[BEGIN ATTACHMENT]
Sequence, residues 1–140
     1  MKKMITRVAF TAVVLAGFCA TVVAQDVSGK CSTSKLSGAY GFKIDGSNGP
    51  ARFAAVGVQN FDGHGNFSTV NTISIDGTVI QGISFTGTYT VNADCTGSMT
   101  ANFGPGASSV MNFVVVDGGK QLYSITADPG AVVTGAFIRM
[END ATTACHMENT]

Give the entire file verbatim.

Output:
Sequence, residues 1–140
     1  MKKMITRVAF TAVVLAGFCA TVVAQDVSGK CSTSKLSGAY GFKIDGSNGP
    51  ARFAAVGVQN FDGHGNFSTV NTISIDGTVI QGISFTGTYT VNADCTGSMT
   101  ANFGPGASSV MNFVVVDGGK QLYSITADPG AVVTGAFIRM